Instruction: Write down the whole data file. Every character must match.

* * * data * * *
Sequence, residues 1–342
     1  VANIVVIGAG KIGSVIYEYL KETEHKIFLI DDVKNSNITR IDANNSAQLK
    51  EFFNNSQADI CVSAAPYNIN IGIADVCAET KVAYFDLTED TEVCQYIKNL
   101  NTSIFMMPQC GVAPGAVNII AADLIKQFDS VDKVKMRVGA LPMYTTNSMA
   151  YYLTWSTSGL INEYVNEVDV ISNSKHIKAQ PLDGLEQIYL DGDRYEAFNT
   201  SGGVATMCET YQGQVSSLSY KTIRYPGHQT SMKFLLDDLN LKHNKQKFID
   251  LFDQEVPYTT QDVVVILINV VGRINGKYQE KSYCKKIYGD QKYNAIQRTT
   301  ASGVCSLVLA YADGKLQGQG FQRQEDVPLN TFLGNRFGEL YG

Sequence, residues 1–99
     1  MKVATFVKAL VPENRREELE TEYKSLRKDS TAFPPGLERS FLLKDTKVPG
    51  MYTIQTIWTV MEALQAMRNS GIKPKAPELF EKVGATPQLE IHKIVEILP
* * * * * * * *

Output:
Sequence, residues 1–342
     1  VANIVVIGAG KIGSVIYEYL KETEHKIFLI DDVKNSNITR IDANNSAQLK
    51  EFFNNSQADI CVSAAPYNIN IGIADVCAET KVAYFDLTED TEVCQYIKNL
   101  NTSIFMMPQC GVAPGAVNII AADLIKQFDS VDKVKMRVGA LPMYTTNSMA
   151  YYLTWSTSGL INEYVNEVDV ISNSKHIKAQ PLDGLEQIYL DGDRYEAFNT
   201  SGGVATMCET YQGQVSSLSY KTIRYPGHQT SMKFLLDDLN LKHNKQKFID
   251  LFDQEVPYTT QDVVVILINV VGRINGKYQE KSYCKKIYGD QKYNAIQRTT
   301  ASGVCSLVLA YADGKLQGQG FQRQEDVPLN TFLGNRFGEL YG

Sequence, residues 1–99
     1  MKVATFVKAL VPENRREELE TEYKSLRKDS TAFPPGLERS FLLKDTKVPG
    51  MYTIQTIWTV MEALQAMRNS GIKPKAPELF EKVGATPQLE IHKIVEILP